Among the main tenants of the plan are animal welfare, emissions reduction and front-of-pack nutrition labeling. It will now be up to the European Commission to propose the formal legislation.
Last month, the European Parliament voted to adopt the Farm to Fork Strategy, paving the way for a healthier and more sustainable food system in the European Union.
The proposal by Anja Hazekamp, a Member of the European Parliament (MEP) from the European United Left – Nordic Green Left party and rapporteur for the committee on environment, public health and food safety, was supported by 452 MEPs. Meanwhile, 170 voted against it, and 76 abstained.
Intensive meat production and large-scale monocultures are currently too great a burden on humans and animals. Clear and measurable goals must be set for this.
It will now be up to the European Commission to propose the strategy as formal legislation. Once this has been done, the European Parliament and Council of the European Union will vote to ratify it.See Also:Most Agricultural Spending Does More Harm Than Good, UN Report Claims
“Our farmers are already doing a great job, so when we rightly ask them to further reduce their use of pesticides, fertilizers and antibiotics, we need to support them so production does not just move outside the E.U.,” said Herbert Dorfmann, the rapporteur for the committee on agriculture and rural development.
“Ensuring the availability of food at reasonable prices must continue to be a priority,” he added.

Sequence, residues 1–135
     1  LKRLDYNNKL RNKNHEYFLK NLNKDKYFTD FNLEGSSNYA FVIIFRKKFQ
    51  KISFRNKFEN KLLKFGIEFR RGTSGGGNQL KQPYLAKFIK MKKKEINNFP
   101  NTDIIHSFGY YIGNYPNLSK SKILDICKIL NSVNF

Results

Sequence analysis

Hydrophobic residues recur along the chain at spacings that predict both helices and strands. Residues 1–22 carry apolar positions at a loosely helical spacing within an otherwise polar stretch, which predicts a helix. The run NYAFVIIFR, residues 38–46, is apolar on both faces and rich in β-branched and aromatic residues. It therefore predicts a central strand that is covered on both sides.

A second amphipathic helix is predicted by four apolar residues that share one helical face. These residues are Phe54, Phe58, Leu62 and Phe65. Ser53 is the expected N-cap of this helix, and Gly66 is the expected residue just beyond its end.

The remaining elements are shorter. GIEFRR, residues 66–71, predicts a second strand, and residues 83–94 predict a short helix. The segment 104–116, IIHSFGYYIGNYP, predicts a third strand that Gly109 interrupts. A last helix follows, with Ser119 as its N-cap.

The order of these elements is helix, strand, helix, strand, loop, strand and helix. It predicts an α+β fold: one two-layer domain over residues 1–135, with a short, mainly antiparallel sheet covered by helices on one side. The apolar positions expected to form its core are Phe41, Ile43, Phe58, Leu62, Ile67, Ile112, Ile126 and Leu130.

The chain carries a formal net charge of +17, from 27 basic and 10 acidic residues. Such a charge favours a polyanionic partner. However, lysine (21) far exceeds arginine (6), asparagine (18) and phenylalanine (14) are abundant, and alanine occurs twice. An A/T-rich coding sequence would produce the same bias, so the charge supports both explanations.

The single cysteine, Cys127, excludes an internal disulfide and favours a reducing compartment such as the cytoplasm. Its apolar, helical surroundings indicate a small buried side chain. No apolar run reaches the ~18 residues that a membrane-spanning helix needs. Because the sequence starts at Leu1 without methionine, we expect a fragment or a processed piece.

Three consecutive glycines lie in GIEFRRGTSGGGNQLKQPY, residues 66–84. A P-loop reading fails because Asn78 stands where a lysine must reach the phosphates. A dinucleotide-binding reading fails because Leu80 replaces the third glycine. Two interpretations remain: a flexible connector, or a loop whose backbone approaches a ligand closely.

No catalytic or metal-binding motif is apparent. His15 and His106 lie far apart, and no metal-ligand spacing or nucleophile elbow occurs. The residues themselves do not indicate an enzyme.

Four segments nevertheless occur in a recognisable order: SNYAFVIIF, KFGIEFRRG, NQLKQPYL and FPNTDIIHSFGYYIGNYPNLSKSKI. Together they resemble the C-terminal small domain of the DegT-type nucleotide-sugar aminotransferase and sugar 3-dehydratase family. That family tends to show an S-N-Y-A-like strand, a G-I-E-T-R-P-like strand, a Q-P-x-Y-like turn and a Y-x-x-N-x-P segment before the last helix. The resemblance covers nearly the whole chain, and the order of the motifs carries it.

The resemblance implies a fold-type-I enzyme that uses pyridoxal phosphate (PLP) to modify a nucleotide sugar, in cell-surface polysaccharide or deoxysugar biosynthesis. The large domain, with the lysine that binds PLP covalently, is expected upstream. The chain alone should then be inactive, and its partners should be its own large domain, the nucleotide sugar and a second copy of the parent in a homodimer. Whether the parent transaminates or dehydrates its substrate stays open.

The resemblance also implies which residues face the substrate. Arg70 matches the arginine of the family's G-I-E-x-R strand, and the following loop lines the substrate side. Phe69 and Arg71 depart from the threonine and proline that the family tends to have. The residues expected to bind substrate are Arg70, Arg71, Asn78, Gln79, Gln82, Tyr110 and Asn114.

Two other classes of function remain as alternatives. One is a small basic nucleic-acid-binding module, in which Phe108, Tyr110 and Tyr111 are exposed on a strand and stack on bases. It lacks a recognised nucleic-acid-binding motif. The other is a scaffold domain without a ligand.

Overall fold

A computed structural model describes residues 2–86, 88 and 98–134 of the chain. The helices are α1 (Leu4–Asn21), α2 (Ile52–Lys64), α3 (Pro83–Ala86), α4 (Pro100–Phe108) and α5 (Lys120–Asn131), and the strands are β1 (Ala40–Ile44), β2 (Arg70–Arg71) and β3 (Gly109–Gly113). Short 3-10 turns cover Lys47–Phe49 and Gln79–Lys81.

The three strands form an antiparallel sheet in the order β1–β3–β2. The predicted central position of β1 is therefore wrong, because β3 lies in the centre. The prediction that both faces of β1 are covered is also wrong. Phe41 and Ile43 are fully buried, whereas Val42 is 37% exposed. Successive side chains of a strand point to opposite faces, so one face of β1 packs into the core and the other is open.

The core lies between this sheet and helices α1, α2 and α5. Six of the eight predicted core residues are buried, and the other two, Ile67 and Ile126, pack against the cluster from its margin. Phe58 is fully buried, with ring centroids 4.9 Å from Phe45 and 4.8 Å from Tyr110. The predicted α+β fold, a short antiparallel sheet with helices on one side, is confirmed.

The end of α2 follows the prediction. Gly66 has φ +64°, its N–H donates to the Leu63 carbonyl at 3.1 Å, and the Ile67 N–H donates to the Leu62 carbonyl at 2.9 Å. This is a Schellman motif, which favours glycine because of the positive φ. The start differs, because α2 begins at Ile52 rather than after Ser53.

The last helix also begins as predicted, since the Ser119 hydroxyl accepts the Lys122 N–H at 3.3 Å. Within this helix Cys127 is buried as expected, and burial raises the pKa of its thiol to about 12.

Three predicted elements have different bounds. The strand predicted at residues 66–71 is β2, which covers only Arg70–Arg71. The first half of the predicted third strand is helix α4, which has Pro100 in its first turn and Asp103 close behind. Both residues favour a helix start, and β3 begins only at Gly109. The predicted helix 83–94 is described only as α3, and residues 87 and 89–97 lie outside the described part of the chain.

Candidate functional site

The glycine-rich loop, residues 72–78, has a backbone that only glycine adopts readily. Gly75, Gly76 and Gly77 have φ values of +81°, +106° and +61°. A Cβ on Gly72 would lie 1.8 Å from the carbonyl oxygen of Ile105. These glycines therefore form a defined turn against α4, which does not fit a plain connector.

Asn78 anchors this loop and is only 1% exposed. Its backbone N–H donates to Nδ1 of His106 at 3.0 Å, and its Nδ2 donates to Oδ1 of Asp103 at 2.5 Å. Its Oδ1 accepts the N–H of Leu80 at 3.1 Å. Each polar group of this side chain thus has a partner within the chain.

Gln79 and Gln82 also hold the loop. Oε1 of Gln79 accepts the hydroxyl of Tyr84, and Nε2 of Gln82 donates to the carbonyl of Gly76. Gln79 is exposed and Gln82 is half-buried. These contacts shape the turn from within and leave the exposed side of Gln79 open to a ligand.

The E.U.’s approval of the Farm to Fork Strategy came in the wake of intense lobbying from both sides of the issue. Environmental groups vociferously supported the strategy, while the E.U. farmers’ association, COPA-COGECA, made desperate attempts to persuade MEPs against it.
During the deliberation and after the strategy’s passage, the lawmakers emphasized the need to have a sustainable food supply system that involved everyone from the farmer to the consumer.
To safeguard the ability of farmers to earn a fair share of the money made from their produce, MEPs proposed that the European Commission work to strengthen their role within the supply chain.
The lawmakers agreed to establish comprehensive, harmonized, science-based animal welfare indicators in the E.U. These include the need to end the use of cages in animal husbandry. Animal products from non‑E.U. countries that do not meet those requirements also would be banned.
The MEPs also called for ambitious emission reduction during food production paired with support for nature-based solutions and agroforestry.
The MEPs further suggested using a simplified FOPL to assist consumers in choosing healthier foods. In addition, the E.U. wants those labels made mandatory with any exemptions requiring science-based evidence.
However, MEPs previously voted to exempt single-ingredient foods in April from the FOPL.
Thomas Haahr, a press officer for the European Parliament, told Olive Oil Times that the full extent of the pan-European FOPL remains unclear and would need to be debated at the legislative stage of the process in the European Parliament.
However, supporters of the Farm to Fork strategy said they were moving in the right direction.
“Our food system needs to be reformed to function within the carrying capacity of our Earth,” Hazekamp said. “Intensive meat production and large-scale monocultures are currently too great a burden on humans and animals. Clear and measurable goals must be set for this.”
“Responsibility for more sustainable agriculture must be a joint effort by farmers and consumers,” Dorfmann concluded.